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Technical News: Budget Proposals Presented in Parliament

14 March 2013   (0 Comments)
Posted by: Erich Bell
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SAIT’s budget proposals were presented in Parliament last week Wednesday. SAIT congratulated the Minister on a rational budget that took cognisance of the sluggish economy and that used the National Development Plan (NDP) as its point of departure.

The areas covered in the SAIT proposals included:

·Small business relief measures – praise for the increase in turnover limit for a qualifying small business corporation to R20 million (from R14 million) and for the increase in tax savings for these entities. Despite this a call was made to increase the turnover level to R50 million to be in line with the DTI’s proposed changes to the BBEEE categories of exempt micro enterprises and qualifying small businesses. A call was also made to introduce a Minister of Small Business whose primary objective would be to assist and grow the number of small businesses in South Africa (as they are the engines of employment) and by so doing centralise and pin point the responsibility for this crucial sector of South Africa’s economy;

·Social businesses  - the need for special recognition  in the income tax act was highlighted;

·Government and the private sector’s debt – both very high and need to be monitored closely by ensuring that there is accountability for all actions taken/not taken;

·The tax review – was welcomed in the hope that it would inform a new strategy which can achieve a more balanced democracy as stipulated in the National Development Plan;

·Youth employment tax incentive and SEZ employment incentives – applauded but the link to the tax threshold was questioned and possible expansion of these incentives was suggested.  As the exact details of the incentives were not given, it was pointed out the effectiveness of these incentives ultimately rests on the administrative requirements involved (they must not be significant) and the cost effectiveness of the incentives (for both government and employers alike).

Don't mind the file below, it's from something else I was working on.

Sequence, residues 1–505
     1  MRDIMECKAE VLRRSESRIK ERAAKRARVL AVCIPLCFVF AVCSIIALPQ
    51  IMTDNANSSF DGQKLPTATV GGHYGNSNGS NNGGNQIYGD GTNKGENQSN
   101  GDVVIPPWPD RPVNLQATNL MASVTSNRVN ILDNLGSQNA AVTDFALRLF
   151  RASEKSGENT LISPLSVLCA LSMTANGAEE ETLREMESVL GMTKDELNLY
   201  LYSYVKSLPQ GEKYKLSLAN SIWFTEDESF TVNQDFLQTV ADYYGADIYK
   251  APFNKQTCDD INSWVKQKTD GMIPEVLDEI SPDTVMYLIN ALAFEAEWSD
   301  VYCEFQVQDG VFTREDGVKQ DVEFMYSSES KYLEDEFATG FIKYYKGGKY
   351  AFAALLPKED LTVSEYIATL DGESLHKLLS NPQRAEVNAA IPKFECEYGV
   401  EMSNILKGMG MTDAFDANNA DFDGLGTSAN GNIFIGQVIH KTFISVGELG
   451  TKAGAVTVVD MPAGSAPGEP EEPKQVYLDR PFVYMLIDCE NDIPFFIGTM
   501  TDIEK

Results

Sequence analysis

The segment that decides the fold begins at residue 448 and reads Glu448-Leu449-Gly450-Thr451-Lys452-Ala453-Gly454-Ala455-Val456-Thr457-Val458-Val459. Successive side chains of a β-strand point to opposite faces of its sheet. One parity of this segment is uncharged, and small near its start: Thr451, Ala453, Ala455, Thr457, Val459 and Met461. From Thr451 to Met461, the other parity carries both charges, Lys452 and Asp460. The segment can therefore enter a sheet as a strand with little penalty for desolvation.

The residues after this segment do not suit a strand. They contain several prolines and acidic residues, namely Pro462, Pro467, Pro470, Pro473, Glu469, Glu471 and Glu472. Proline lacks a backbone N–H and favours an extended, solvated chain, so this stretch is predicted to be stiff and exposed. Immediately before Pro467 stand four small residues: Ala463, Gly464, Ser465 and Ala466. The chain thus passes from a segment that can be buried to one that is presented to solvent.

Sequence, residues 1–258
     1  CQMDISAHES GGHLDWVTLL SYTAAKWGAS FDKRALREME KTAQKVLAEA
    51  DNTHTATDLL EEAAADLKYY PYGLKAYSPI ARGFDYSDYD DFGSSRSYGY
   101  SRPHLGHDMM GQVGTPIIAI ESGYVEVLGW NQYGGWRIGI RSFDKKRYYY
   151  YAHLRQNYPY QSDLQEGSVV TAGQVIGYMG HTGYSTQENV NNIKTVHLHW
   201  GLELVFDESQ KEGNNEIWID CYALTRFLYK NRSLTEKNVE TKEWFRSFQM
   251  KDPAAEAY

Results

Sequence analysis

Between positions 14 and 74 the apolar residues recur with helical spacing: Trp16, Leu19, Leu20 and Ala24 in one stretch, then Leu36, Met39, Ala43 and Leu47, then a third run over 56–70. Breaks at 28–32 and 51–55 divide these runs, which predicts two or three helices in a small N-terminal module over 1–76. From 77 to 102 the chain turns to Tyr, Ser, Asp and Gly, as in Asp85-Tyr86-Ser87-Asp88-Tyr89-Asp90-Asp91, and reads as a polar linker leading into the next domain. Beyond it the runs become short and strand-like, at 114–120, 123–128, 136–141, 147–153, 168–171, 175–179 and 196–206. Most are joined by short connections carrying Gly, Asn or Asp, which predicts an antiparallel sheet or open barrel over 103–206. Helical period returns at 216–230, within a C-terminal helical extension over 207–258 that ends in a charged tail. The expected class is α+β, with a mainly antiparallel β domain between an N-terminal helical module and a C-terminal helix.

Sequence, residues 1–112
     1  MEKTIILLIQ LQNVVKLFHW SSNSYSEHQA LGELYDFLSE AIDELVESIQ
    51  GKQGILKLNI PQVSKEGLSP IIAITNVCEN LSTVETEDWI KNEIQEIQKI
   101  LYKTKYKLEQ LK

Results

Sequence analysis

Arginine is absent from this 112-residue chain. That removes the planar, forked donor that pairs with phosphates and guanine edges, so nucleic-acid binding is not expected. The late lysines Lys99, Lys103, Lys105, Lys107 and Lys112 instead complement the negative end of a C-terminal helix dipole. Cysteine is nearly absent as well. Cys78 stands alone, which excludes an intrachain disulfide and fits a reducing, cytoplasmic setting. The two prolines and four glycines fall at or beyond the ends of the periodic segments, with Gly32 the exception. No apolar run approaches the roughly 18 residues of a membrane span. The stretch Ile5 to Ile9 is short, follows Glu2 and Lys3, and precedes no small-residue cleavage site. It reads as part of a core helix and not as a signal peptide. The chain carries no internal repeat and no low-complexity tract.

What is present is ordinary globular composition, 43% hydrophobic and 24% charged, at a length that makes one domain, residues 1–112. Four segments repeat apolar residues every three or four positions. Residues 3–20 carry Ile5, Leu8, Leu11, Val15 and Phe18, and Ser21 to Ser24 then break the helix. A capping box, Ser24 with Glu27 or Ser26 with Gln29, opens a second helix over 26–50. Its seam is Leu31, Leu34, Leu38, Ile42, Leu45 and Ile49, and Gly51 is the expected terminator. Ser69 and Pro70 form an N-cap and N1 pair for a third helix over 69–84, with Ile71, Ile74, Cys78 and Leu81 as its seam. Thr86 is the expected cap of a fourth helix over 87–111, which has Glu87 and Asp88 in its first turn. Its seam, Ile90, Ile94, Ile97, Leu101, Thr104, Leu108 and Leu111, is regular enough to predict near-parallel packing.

·Other technical issues discussed were:

VAT registration – currently very cumbersome so attention in this area is very welcome;

VAT registration for foreign companies – feasibility was questioned;

Taxation of trusts – reasons for the proposed termination of the conduit-principle were not provided and the fairness thereof was questioned by SAIT;

Withholding taxes on service fees paid – unexpected announcement and the extent of the effect  not yet know;

Cross issue of shares – changes to positively affect BEE transactions welcomed;

Gateway subsidiary/Treasury company – proposal to treat a single local subsidiary as a non-resident company for SARB purposes welcomed;

Introduction of tax-preferred savings and investments – welcomed however the ultimate success of these proposals is doubted due to the inability of the average South African to save as a result of increase in standard living expenses;

Retirement reforms – the harminisation of the tax treatment of pension, RAF and provident fund contributions as well as the roll-over of the contributions in excess of the annual caps to future years were favourably received;

Increase in fuel and environmental levies – it was suggested that income from these taxes should be ring-fenced and used solely for the purposes for which they were raised;

Expansion of social grants and NHI – the increase in the social grants are clearly needed but the ultimate sustainability of providing these grants is not possible so alternatives need to be considered urgently. The sentiments of President Zuma were echoed by SAIT in that South Africans are urged to become self-sufficient by productively using the land to prevent them from relying on the social grants;

Gambling tax – uncertainty whether this will assist in discouraging excessive gambling in South Africa was raised;

Exemptions for bursaries – welcomed in light of the country’s poor education outcomes.

In light of the poor South African educational system and high rate of teacher absenteeism, education was highlighted by SAIT as being critical to the future of South Africa.

Source: Sharon Smulders


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